Back in my obese days, eating fat Kit Kat-like chunks of slow cooked beef was something I craved for days. We used to drive all the way to Fahaheel just to get handfuls of oily “Goat Mendi” for lunch and I thank my cholesterol levels for that. So, a memorable dish for me has to consist of large quantities of fat which my Grandmother was really good at. Four hour cooked sheep hooves, Karaeen in the Kuwaiti dialect, in soaked bread,Tashreeb, is a dish I will remember forever. The flavor still lingers around my tongue and eating it causes all senses to sing in harmony. This would be the dish to solve world peace! Hot soaked bread with fat and meat all in one heaping spoon bite, not thinking about calories shoved in my mouth. It literally is an eat till you die dish, but it will make sure you die a happy man.
5. What is your favorite kitchen tool?
The Ferrari of all standmixers, the tool that weighs a ton, the retro design, the KitchenAid Stand Mixer. My life.
6. If you were given these three ingredientsa an eggplant, tomatoes and onions, what would you make? (Can you share the recipe with our readers?)
The first thing that comes to mind is Melenzane. A true Italian creation with fresh flavors exploding with every bite. Layers of baked tomato and aubergine with sliced fresh mozzarella and caramelized onion on top just for the fun of it.
This is the recipe if you’re thinking of torturing yourself while you eat:
- 3 tomatoes
- 2 garlic cloves
- 1/2 tbs salt
- 1 tbs sugar
- 3 tbs tomato paste
- 1/2 cup water
- 1 tsp dried oregano
- 4 basil leaves
- 1 sprig of thyme
- 1 aubergine
- 2 tomatoes
- 1 onion
- Mozzarella Cheese
Preheat your oven to 180C. Slice the aubergine and tomatoes to about 1 cm thickness then place on a baking tray. Drizzle some olive oil over the cut vegetables and sprinkle some freshly crushed black pepper and salt then bake until vegetables start to slightly wrinkle.
To make the marinara sauce, chop the 3 tomatoes and cook with a tablespoon of olive oil in a pan. Chop the garlic cloves and add. Cook until tomatoes turn soft, then add salt, pepper, sugar and water. Once the marinara starts to simmer, add the paste and cook on medium/low heat until the sauce reduces and thickens.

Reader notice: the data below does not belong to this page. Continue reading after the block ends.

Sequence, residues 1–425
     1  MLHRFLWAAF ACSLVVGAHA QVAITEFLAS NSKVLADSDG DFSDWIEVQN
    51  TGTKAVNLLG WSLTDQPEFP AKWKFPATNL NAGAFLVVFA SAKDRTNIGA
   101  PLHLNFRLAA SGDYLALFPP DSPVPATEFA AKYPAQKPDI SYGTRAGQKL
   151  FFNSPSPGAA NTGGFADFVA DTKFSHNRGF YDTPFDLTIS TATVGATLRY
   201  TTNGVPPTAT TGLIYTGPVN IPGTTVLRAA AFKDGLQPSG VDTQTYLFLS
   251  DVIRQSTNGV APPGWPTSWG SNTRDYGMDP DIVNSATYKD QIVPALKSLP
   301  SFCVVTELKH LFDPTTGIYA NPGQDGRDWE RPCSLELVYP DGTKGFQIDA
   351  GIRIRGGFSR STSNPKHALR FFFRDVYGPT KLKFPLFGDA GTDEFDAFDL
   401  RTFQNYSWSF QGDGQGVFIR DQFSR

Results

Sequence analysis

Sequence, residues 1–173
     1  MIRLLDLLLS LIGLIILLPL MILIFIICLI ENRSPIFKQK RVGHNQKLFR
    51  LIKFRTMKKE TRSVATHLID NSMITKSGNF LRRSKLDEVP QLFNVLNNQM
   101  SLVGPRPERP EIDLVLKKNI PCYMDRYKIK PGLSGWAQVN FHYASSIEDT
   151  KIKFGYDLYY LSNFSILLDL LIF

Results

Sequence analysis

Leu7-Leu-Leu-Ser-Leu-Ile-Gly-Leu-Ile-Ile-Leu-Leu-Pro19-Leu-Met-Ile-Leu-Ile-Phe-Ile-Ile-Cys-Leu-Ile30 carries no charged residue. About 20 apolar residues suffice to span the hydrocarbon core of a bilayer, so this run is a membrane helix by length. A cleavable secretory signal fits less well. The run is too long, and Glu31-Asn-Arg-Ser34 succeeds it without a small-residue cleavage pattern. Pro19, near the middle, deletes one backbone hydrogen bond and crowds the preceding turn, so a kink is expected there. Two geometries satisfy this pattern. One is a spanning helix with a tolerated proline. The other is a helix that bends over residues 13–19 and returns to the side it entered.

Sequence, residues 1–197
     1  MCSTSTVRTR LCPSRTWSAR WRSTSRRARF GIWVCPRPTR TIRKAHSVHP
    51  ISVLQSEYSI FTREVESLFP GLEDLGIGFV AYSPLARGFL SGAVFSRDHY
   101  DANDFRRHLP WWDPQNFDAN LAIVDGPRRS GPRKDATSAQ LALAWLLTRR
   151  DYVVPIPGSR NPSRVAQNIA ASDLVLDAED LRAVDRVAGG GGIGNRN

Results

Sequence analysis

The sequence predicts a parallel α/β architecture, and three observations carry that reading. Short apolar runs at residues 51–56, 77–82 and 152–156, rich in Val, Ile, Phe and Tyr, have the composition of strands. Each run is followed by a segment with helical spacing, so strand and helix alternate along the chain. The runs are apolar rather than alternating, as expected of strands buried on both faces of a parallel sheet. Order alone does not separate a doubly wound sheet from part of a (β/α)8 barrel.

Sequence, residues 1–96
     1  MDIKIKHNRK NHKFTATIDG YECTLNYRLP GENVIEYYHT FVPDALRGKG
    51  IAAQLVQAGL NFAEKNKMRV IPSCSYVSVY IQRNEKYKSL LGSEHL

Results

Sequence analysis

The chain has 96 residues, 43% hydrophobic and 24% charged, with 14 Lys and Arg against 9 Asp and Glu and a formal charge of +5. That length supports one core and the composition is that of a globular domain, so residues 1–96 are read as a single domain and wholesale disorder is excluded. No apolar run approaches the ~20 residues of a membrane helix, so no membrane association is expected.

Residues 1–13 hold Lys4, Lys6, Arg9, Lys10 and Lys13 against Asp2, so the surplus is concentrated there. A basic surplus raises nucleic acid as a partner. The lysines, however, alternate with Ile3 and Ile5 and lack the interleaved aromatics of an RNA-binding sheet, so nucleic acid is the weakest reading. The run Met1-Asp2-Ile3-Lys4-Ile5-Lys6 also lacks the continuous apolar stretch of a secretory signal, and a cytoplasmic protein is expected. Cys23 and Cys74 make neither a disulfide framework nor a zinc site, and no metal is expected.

In another pan, melt some butter and cook sliced onions on low heat until it caramelize.
To layer: Start with the baked aubergine, marinara sauce, mozzarella and then the baked tomato, and repeat. Bake in the oven until the cheese melts. Garnish with the caramelized onions and chopped basil. Serve hot.
7. Submit a video of you in action in the kitchen!
8. Can you share a food/cooking tip with us?
This might sound boring, lame and repetitive but trust me it is key to whoever wants to succeed in anything in life, not just cooking. Lets take the concept of making macarons. The first day I made macarons, they came out of the oven as burnt turds stuck on my wax paper. I knew this wasn’t right, the next day I used another recipe and another one on the third day. Day by day, what first looked like a turd started to slowly look like a macaron. On the 6th day, I placed my baking tray in the oven and watched closely until the moment when they started to have that bubbly bottom feet! I cheered alone in the kitchen, getting the million dollar sensation, until I realized the recipe wasn’t noted down. It was something I was proud of, putting my head into something and having that great determination of perfecting what you want is rewarding. No matter how long you think about doing something, you won’t get it done unless you try. Determination is key!
Thank you Faisal for agreeing to participate in our Foodie Series and wish you the best of luck! To follow his mouth watering creations and beautiful photography make sure you follow him on Instagram @ZubaBar and Twitter @Zubaneen.